Far-right, anti-fascists clash in east German town of Chemnitz

Protests take place after murder of a German national of Cuban origin on Saturday.

Riot policemen stand guard as the right-wing supporters
Germany has witnessed a surge in far-right activism since the start of the refugee crisis [Matthias Rietschel/Reuters]

Far-right activists have clashed with anti-facists in the eastern German town of Chemnitz following the murder of a German national of Cuban origin over the weekend.

A man, identified as Daniel H by local media, was stabbed during an argument on Saturday. Two men, of Syrian and Iraqi origin, have been arrested by the police.

On Sunday, around 800 far-right activists rallied on the streets to protest the stabbing. But those who knew Daniel have accused the far-right of exploiting his death for their own benefit.

“I think it’s horrible what’s happening here in Chemnitz, and I hope that they know who they’re doing this march for,” Daniel’s friend, Nancy Larssen, told Deutsche Welle (DW).

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“I think it’s sad that in the media they’re just saying that a German has died, and that’s why all the neo-Nazis and hooligans are out, but the media should describe who died, and what skin colour he had, because I don’t think they’d be doing all this if they knew.”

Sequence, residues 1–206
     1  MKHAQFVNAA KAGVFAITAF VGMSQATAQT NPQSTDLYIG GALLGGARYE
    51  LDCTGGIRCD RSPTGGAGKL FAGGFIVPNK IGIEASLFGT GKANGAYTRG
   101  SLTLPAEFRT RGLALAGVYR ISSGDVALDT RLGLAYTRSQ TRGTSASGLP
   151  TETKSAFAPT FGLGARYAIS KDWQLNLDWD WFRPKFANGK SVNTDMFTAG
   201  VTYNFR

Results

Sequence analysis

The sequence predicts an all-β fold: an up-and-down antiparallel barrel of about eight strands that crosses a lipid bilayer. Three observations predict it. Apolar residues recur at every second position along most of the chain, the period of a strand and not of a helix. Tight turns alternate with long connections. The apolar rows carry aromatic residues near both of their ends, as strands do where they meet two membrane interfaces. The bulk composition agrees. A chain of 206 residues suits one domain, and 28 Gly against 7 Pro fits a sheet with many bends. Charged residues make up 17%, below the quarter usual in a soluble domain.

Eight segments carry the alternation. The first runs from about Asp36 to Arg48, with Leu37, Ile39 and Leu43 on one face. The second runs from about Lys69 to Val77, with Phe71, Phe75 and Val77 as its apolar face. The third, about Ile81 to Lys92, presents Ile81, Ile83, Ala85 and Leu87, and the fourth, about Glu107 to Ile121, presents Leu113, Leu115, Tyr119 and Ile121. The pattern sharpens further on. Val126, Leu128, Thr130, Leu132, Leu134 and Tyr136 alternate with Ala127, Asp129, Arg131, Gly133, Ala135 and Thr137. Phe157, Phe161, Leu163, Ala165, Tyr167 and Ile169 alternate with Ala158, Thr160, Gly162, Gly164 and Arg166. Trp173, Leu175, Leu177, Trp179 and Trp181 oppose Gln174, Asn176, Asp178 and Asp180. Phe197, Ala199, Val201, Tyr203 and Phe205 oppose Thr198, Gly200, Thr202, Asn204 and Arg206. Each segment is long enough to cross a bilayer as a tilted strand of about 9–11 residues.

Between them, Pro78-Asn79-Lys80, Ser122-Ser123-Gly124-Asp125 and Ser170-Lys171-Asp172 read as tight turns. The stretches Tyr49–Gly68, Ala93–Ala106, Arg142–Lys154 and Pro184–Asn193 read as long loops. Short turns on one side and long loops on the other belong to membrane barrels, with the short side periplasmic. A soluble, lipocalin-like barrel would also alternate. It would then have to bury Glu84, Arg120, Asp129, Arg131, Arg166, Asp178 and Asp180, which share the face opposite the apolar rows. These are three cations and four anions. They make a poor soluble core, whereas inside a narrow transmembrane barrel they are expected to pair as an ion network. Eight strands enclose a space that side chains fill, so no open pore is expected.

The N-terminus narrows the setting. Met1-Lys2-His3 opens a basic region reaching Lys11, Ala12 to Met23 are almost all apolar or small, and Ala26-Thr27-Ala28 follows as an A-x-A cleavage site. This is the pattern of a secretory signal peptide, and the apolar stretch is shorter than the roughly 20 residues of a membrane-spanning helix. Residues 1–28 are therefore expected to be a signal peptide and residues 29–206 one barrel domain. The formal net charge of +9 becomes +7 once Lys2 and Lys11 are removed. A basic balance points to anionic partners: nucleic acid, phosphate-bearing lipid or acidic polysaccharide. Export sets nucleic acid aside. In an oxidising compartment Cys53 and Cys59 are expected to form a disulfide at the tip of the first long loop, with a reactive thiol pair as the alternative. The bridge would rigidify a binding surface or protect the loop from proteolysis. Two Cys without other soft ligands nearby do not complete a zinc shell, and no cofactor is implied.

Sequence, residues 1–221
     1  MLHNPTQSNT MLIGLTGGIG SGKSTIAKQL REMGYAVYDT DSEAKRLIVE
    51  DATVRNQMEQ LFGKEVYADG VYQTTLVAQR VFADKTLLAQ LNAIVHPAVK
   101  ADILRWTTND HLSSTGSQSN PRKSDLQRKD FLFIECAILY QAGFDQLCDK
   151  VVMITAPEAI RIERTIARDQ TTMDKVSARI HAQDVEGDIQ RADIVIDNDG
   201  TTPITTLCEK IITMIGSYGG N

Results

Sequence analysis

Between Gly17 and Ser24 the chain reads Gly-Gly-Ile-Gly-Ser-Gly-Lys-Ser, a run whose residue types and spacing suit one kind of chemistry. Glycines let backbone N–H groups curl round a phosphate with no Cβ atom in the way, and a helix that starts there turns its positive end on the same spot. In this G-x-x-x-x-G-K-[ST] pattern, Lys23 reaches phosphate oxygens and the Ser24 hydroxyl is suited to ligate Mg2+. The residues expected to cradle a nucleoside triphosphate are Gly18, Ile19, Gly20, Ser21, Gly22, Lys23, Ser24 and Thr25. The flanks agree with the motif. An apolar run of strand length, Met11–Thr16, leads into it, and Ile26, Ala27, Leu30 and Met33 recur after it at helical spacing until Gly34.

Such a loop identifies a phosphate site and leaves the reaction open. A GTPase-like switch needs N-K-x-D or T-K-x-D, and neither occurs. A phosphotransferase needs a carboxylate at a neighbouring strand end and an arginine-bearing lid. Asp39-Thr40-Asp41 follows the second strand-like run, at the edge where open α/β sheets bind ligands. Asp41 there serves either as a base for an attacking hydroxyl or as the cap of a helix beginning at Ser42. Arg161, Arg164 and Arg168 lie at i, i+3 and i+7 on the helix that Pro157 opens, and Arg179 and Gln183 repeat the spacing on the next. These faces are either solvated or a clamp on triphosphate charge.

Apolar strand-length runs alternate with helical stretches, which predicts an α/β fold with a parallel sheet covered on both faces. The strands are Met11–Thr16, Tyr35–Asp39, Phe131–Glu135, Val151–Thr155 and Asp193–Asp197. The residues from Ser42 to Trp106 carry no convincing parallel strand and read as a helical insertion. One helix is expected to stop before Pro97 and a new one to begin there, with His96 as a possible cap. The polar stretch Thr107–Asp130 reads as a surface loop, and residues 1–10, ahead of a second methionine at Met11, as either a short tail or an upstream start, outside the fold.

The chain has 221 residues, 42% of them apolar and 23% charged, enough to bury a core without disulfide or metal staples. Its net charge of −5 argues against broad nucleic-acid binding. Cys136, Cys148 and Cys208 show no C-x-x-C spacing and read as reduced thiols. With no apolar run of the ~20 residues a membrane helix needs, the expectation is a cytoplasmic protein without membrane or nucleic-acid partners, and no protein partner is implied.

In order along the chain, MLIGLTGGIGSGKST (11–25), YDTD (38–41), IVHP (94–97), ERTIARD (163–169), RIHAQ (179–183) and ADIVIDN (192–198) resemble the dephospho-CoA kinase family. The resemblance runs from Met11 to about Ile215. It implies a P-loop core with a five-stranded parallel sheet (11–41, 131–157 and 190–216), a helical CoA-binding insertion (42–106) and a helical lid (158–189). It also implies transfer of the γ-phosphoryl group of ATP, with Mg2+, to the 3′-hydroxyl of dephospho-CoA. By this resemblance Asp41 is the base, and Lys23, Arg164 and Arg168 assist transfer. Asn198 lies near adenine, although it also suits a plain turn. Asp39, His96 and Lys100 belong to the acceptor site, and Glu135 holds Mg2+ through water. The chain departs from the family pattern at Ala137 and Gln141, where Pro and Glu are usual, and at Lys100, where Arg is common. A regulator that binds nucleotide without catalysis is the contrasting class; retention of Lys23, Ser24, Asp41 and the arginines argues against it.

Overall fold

State and local officials appealed for calm as thousands of people took to the streets in Monday’s protests that turned violent after injuries caused by fireworks thrown from both sides.

Local media reported Neo-Nazis performing the Nazi salute, and local TV showed footage of skinheads chasing a man.

“The scenes of people going after those who look like foreigners scare us. We want to show that Chemnitz has another side that is cosmopolitan and opposes xenophobia,” Tim Detzner, head of the radical left party in Chemnitz, said at the anti-fascist rally.

Demonstrators waving German and Bavarian flags were also present nearby, some breaking through police barriers aimed at keeping the two sides apart. 

Spokesperson for German Chancellor Angela Merkel’s said Germany would not tolerate “vigilante justice”.

“We don’t tolerate such unlawful assemblies and the hounding of people who look different or have different origins, and attempts to spread hatred on the streets,” Steffen Seibert said at a regular news briefing.

The far-right has surged across Europe during the continent’s migrant crisis and increasing political rhetoric against Islam.

Germany’s far-right Alternative for Germany party (AfD) is now the main opposition party, and Merkel faces opposition within her governing coalition for her immigration policies.

More than a million people fleeing war and poverty in the Middle East have sought refuge in Germany since 2015. 

Source: Al Jazeera, News Agencies